Baltimore officials said the owners of Harborplace are moving closer to renovating the signature Inner Harbor properties, which have faded since their celebrated opening more than 30 years ago into a collection of stores dominated by chain restaurants, souvenir sellers and vendors of cold desserts.
City Council President Bernard C. "Jack" Young said he expects Ashkenazy Acquisition Corp. to be able to meet a three-year deadline for the upgrades that was part of a lease extension signed in 2012. New York-based Ashkenazy owns the pavilions, while the city owns the land and leases it to the mall owner.
"The Ashkenazy group are moving in the right direction and I'm pretty happy with that," said Young, one of the city officials who met with the company last week in Las Vegas at a major real estate convention. "They're committed."
Ashkenazy, which also owns the Village of Cross Keys in North Baltimore, purchased the pavilions in 2012 for nearly $100 million. At the time, many hoped that improvements would be forthcoming.
Harborplace General Manager Fred Edeson wrote in an email that it is "way too early" to discuss plans for capital investments at the site.
"Capital projects are in the early development stages," Edeson wrote.
Ashkenazy, which was marketing the property to retailers at the Las Vegas convention, will not discuss leasing publicly until a deal is complete, he wrote.
Young said Ashkenazy is considering a mix of high-end and local tenants to fill the space, which was 93 percent leased at the time of the purchase.
"They have real plans," Stokes said.
The 2012 agreement with the city, signed under the previous owner, called for replacing the awnings and upgrading the lighting, as well as more significant efforts such as landscaping along Pratt and Light streets.
The previous owner, General Growth Properties, a major mall operator with a portfolio that includes Towson Town Center, sold the property after emerging from bankruptcy in 2010. Harborplace never had a positive net cash flow during their tenure, which started in 2004, according to city records.
"It's really an important piece of the puzzle, what goes on in that few acres," said Steve Walters, a professor of economics at Loyola University Maryland, whose book "Boom Towns: Restoring the Urban American Dream" will be published in August.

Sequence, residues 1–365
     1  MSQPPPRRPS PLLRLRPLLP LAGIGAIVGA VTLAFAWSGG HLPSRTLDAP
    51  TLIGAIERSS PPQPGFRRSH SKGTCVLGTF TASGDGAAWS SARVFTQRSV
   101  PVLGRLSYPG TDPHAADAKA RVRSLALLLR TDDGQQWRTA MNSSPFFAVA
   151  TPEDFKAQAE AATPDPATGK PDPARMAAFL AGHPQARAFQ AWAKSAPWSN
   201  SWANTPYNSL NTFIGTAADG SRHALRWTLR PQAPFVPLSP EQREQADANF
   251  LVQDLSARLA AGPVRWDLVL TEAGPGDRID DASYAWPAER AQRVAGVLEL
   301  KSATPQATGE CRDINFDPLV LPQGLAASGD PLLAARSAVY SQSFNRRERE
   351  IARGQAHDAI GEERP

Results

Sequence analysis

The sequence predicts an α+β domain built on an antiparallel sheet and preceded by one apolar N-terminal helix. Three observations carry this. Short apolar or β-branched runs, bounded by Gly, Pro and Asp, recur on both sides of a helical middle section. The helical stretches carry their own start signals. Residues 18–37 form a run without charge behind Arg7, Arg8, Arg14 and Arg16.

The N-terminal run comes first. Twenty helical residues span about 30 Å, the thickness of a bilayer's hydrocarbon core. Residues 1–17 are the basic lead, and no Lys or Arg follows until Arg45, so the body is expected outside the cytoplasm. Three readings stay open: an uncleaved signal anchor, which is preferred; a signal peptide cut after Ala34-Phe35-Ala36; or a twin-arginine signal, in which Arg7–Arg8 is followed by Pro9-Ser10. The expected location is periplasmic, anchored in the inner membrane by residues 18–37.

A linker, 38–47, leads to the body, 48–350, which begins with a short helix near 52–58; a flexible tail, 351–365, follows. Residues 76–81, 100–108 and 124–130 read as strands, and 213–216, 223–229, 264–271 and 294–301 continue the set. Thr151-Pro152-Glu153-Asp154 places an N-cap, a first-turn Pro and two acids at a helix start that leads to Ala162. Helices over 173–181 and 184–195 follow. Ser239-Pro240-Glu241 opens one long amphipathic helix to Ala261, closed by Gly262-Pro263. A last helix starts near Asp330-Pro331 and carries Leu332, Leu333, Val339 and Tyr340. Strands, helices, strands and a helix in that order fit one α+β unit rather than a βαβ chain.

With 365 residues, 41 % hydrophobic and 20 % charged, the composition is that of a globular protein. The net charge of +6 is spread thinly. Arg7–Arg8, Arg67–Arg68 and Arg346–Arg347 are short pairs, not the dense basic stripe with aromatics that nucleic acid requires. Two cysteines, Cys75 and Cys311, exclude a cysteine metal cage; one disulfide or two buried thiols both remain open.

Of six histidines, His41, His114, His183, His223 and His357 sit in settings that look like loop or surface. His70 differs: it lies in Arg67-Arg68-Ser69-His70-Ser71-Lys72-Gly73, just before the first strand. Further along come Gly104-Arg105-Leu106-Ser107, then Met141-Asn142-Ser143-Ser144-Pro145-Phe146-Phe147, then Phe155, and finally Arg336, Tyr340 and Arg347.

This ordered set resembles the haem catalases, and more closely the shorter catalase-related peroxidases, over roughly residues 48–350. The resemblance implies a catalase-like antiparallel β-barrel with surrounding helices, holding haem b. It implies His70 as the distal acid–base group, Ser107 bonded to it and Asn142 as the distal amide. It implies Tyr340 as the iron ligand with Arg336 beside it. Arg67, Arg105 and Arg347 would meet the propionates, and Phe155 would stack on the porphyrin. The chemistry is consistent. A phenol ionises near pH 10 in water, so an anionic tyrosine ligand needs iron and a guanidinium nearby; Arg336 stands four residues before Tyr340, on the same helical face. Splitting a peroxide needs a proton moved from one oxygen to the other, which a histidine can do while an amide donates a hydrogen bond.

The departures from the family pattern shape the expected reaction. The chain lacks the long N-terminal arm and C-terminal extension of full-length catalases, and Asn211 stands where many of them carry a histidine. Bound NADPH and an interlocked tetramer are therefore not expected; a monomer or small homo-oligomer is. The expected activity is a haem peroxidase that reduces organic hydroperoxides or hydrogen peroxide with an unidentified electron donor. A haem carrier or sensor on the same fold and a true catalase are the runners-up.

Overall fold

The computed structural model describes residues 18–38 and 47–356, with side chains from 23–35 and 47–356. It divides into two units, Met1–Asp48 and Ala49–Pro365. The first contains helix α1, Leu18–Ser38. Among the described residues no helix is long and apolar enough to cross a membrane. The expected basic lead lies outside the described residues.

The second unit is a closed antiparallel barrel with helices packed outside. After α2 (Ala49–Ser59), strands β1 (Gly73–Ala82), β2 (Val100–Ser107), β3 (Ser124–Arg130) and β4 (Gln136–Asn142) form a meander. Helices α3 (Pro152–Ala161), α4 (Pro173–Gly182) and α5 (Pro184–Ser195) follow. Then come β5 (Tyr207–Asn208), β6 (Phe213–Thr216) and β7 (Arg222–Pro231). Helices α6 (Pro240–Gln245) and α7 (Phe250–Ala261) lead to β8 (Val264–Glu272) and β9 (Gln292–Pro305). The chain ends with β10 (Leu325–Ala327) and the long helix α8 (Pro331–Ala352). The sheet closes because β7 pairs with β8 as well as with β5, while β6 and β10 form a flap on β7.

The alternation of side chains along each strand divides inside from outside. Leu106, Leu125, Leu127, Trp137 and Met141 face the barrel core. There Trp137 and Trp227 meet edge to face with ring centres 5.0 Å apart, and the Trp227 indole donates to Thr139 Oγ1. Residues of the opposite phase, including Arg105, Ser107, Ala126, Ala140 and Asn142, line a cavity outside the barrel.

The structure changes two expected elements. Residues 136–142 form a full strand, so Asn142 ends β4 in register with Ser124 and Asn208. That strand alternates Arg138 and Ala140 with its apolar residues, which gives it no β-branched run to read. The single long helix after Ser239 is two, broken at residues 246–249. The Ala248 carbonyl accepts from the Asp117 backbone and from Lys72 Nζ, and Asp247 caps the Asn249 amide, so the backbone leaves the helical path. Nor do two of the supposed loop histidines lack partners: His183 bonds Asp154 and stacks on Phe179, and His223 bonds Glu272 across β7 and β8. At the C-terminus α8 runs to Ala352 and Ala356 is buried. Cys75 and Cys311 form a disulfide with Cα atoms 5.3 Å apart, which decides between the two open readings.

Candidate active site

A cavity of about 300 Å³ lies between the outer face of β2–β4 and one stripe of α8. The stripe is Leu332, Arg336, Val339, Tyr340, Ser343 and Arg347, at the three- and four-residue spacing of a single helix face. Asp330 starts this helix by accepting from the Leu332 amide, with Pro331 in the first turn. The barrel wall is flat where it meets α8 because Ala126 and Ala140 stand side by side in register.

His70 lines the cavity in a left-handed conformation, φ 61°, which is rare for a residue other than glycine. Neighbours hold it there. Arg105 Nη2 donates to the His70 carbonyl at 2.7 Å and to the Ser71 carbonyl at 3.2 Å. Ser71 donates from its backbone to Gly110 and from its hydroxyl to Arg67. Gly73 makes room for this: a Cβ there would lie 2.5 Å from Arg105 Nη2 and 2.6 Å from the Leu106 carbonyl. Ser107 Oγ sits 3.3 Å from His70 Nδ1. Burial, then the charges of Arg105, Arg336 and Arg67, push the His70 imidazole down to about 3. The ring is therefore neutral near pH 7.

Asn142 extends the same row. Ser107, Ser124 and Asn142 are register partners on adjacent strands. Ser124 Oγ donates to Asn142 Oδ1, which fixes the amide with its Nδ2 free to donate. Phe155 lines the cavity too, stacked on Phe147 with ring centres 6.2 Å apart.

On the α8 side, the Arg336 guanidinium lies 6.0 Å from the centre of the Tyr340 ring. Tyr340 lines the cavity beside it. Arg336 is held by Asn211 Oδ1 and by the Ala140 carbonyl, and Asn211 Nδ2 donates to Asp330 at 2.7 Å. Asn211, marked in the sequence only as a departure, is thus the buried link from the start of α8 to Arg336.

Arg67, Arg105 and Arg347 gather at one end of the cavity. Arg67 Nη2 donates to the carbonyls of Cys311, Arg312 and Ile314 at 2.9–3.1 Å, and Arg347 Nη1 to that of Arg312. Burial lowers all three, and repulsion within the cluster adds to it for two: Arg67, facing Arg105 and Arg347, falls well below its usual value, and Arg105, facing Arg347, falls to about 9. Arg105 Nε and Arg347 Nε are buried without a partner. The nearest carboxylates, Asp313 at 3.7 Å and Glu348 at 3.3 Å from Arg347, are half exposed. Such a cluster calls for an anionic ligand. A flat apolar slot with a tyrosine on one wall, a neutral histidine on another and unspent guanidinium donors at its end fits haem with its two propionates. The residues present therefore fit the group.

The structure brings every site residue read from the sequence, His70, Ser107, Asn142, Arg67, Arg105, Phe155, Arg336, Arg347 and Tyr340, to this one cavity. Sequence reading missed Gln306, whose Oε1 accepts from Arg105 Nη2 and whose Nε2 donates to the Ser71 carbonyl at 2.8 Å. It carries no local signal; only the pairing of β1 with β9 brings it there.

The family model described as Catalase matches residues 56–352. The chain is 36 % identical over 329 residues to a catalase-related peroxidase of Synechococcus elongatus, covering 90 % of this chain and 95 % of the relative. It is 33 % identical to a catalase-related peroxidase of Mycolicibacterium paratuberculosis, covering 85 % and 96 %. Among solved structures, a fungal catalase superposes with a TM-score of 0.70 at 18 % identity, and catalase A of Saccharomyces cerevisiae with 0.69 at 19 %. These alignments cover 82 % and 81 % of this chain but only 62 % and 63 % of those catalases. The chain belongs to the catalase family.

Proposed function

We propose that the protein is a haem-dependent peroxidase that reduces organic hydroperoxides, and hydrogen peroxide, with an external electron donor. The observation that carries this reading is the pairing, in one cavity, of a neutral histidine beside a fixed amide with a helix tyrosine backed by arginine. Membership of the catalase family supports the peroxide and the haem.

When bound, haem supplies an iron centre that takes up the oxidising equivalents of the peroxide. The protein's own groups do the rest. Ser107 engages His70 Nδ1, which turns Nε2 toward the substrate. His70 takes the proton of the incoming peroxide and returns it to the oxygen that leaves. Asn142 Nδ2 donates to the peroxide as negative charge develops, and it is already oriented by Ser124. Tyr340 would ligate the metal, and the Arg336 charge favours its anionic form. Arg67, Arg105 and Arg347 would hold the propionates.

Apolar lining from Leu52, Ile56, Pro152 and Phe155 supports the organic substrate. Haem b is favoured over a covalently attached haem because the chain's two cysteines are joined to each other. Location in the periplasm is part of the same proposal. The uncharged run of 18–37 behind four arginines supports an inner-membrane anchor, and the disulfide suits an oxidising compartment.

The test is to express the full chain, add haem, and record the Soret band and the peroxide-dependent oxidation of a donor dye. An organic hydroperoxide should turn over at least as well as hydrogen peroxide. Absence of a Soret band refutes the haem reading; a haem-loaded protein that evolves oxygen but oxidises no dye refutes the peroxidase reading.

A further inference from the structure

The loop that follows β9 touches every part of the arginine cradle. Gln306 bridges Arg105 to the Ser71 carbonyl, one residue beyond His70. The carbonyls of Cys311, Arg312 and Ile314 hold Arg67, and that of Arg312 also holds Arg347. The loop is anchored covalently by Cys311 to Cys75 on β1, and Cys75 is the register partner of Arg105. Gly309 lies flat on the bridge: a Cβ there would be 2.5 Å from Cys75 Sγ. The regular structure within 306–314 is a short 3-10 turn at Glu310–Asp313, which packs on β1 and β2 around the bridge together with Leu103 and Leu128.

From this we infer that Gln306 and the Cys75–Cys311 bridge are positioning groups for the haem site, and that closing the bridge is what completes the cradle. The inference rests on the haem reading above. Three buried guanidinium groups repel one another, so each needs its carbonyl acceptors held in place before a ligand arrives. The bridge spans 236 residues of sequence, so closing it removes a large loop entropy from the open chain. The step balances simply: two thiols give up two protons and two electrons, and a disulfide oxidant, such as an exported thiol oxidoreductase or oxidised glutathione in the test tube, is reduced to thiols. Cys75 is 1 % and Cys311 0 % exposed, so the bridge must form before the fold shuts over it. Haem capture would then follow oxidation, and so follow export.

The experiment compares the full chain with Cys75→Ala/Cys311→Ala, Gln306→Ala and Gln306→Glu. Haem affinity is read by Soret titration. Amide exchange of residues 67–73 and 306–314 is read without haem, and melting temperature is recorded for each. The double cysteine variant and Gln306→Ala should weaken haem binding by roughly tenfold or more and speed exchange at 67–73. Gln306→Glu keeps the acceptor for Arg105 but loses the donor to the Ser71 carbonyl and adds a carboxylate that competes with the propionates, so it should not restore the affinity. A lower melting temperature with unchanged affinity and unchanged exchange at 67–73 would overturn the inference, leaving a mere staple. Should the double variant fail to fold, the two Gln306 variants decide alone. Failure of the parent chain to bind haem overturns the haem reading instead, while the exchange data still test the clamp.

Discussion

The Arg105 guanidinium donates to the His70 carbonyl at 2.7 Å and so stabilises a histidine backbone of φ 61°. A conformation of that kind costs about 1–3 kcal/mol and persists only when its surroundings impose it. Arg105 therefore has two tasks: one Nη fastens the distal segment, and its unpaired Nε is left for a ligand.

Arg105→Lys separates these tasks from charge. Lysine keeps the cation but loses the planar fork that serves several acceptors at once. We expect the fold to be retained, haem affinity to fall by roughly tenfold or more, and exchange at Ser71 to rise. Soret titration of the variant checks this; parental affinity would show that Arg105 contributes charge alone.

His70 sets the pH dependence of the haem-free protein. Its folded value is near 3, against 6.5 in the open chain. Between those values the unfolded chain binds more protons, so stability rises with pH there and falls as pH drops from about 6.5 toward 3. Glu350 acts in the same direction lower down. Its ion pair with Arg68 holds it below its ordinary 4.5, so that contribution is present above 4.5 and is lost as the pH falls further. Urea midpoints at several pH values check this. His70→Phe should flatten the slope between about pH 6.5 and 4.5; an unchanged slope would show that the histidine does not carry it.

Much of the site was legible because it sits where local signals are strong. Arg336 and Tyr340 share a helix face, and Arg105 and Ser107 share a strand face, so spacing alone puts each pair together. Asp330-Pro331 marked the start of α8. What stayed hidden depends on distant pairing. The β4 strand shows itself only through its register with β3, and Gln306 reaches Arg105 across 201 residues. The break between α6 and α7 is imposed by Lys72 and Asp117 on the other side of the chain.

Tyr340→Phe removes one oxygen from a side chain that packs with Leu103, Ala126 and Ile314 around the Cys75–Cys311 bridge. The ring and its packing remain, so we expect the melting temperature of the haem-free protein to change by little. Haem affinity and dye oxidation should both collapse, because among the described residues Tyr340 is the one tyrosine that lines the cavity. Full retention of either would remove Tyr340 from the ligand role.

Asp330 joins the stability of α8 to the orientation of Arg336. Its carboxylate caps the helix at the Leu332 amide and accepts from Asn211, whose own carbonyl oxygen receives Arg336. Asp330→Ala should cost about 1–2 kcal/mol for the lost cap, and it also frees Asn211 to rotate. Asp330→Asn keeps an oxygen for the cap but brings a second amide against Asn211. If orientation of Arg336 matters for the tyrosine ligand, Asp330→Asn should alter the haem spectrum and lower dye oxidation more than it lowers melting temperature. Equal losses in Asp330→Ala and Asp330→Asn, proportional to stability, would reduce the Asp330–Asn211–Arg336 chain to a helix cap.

City officials and private groups unveiled their own long-term vision for "Inner Harbor 2.0" in November. The General Assembly signed off on $2 million in funding, while a six-year capital improvement plan approved by the Planning Commission in February calls for $2.25 million to $3.5 million each year.
The Inner Harbor 2.0 plan also calls for raising the grade level of the amphitheater to address rising sea levels and floods, such as those that occurred during the heavy rains earlier this year. Waterfront Partnership President Laurie Schwartz said that work requires coordination with Ashkenazy.
"We don't want to go ahead with changing the grade level at the amphitheater and the Harborplace pavilions until Ashkenazy has their plans well-prepared or further along and we can all work on that area together," she said.
The first Inner Harbor 2.0 funds will go to replacing lights and underground electrical wiring worn down by age and exposure to salt water, as well as planning for a parking garage located under a new Rash Field, Schwartz said. The garage, which be created in the space generated by the drop between Key Highway and the water, could cost $20 million, with the new park another $12 million to $20 million, she said.
The Downtown Partnership also is working on an overhaul of the landscaping on Pratt Street.
Schwartz said that feedback from surveys suggests residents want to see a mix of local tenants and national retailers at Harborplace.
"My overall goal would just be to see new energy and an updated look for Harborplace because it's a bit outdated and needs a major investment like the harbor," she said.